In his book, The Science Delusion, Curtis White criticizes scientists for throwing around the term "beautiful" without really asking what, exactly, makes science beautiful ... or what beauty even means in the context of science. I got to interview White last night, and will be posting the audio from that interview soon. But this is one of the points in the book that I thought was rather unfair. How did White know that this isn't something scientists have thought about? He never really said.
So, I turned to Twitter, asking scientists, science writers, and science fans about what made science beautiful to them. I got a really nice variety of answers and wanted to share some of my favorites — you can read them in this Storify.
A friend pointed me today toward the awesome work of Surly Amy (aka Amy Davis Roth), who makes really neat ceramic jewelry with science/skeptic themes. Some of her pieces are really simple and not super artsy—a pendant that says "This is what an atheist looks like", for instance. That's fine, but it's not the stuff I'm super excited about.
NASA's Image of the Day is always awesome, but I particularly love this image from behind-the-scenes of the Pretty Space Photography Industrial Complex.
The Soyuz rocket is seen in the monitor of a video camera moments before Soyuz Commander Gennady Padalka and flight engineers Joseph Acaba and Sergei Revin arrived to board the rocket at the Baikonur Cosmodrome in Kazakhstan for their flight to join their crew mates already aboard the International Space Station. The craft successfully launched at 11:01 p.m. EDT, Monday, May 14, 2012.
This photo was taken last March 19 in Cordoba, Spain. Photographer Paco Bellido captured a particularly special full moon—it appeared larger than any full moon had in 20 years. NASA explains:
Full Moons vary in size because of the oval shape of the Moon's orbit. It is an ellipse with one side (perigee) about 50,000 km closer to Earth than the other (apogee). Nearby perigee moons are about 14% bigger and 30% brighter than lesser moons that occur on the apogee side of the Moon's orbit. The full Moon of March 19th occurs less than one hour away from perigee--a near-perfect coincidence1 that happens only 18 years or so.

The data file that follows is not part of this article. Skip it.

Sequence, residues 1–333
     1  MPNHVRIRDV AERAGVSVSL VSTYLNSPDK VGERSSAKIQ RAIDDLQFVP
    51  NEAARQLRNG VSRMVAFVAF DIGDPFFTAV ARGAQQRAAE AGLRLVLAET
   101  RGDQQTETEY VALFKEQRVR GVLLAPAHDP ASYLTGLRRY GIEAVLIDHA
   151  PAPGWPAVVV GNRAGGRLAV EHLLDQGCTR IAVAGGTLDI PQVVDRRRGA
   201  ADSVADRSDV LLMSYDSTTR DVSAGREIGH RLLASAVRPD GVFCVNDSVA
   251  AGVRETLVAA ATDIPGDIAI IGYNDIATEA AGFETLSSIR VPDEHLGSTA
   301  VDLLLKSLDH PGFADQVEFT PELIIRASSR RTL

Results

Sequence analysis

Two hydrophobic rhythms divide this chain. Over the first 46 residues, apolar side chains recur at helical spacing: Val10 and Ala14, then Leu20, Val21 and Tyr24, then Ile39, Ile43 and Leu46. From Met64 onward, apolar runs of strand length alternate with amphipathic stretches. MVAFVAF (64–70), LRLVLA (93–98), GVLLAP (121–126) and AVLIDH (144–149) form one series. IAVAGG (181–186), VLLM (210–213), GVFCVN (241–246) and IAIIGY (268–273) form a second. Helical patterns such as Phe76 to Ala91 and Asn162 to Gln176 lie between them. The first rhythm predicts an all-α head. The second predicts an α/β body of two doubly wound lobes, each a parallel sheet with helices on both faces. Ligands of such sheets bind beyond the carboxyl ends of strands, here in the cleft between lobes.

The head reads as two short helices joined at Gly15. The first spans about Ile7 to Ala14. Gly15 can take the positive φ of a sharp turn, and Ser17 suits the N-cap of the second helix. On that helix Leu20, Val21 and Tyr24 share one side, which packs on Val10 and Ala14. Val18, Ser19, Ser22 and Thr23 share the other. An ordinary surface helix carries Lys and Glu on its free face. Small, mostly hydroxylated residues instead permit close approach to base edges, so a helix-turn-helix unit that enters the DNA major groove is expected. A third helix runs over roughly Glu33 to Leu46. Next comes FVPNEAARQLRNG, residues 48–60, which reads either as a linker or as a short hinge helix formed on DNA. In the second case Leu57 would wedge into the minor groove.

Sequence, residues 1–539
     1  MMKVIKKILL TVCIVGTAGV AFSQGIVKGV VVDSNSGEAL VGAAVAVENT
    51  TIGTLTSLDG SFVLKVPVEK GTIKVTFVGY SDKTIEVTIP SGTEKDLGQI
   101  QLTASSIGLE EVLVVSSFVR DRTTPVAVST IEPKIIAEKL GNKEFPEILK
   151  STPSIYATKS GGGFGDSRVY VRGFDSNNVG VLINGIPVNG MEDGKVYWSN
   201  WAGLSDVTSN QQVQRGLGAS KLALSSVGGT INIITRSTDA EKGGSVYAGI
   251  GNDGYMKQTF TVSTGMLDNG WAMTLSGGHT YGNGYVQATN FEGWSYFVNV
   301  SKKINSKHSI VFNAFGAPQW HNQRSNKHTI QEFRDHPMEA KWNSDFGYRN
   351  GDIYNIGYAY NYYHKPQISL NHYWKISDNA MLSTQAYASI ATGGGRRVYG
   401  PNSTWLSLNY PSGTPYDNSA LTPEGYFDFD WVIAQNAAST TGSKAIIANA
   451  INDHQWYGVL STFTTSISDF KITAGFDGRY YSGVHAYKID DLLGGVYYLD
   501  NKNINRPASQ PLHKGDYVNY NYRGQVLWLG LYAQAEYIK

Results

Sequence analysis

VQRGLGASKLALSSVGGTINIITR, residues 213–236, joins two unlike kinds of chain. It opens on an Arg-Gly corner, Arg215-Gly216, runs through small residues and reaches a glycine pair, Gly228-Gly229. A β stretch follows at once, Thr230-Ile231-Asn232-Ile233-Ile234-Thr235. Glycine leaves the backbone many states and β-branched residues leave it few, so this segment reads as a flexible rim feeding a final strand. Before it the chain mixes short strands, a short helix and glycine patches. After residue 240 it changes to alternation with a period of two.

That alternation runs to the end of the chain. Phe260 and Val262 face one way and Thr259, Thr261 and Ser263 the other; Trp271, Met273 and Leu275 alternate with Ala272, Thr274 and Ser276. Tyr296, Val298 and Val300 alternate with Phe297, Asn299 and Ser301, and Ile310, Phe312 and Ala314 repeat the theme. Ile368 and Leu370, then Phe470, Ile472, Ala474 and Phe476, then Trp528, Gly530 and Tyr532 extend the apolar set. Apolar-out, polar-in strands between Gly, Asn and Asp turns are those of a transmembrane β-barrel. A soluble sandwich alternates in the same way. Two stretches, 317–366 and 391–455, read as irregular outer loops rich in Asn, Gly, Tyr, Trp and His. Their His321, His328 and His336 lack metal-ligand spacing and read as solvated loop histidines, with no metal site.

Senator John Pastore: “Is there anything connected with the hopes of this accelerator that in any way involves the security of the country?”
Physicist Robert Rathburn Wilson: “No sir, I don’t believe so.”
Pastore: “Nothing at all?”
Wilson: “Nothing at all.”
Pastore: “It has no value in that respect?”
Wilson: “It has only to do with the respect with which we regard one another, the dignity of man, our love of culture. It has to do with: Are we good painters, good sculptors, great poets? I mean all the things we really venerate in our country and are patriotic about. It has nothing to do directly with defending our country except to make it worth defending.”
The Tevatron is set for shutdown on September 30. The point here, I think, is not that the Tevatron, specifically, must be kept alive at all costs. But rather that the willingness to fund curiosity-driven research is one of our better angels. Humanity benefits from knowledge, even if that knowledge doesn't immediately and directly lead to cool gadgets, bigger bombs, or a cure for cancer. And it benefits the United States to be the sort of place that contributes to the betterment of humanity.
That's no dandelion. It's a painted close-up of a slice of human hippocampus. Jessica Palmer at the Bioephemera blog introduced me to the gorgeous artwork of neuroscience grad student and painter Greg Dunn. His images of different neurons are really lovely. And you can buy prints.
In journalism school, one of the things we learn to never do is start a story by asking readers a question that they could answer with a firm, "No." There's just no point in risking disengaging your readers before they even have a chance to become engaged. On the other hand, if you follow this rule strictly, then you never get a chance to write a sentence like this one, from Koen De Paus on Google+:
"Have you ever wondered how slugs get it on?"
What I like about BoingBoing's readers is that I KNOW the majority of you are at least tentatively answering, "Yeeeesss? Maybe?" If so, De Paus says, this video is for you.
Fact: The mating of the leopard slug is surprisingly tender and sensual. It is also, however, exactly as slimy as you might expect.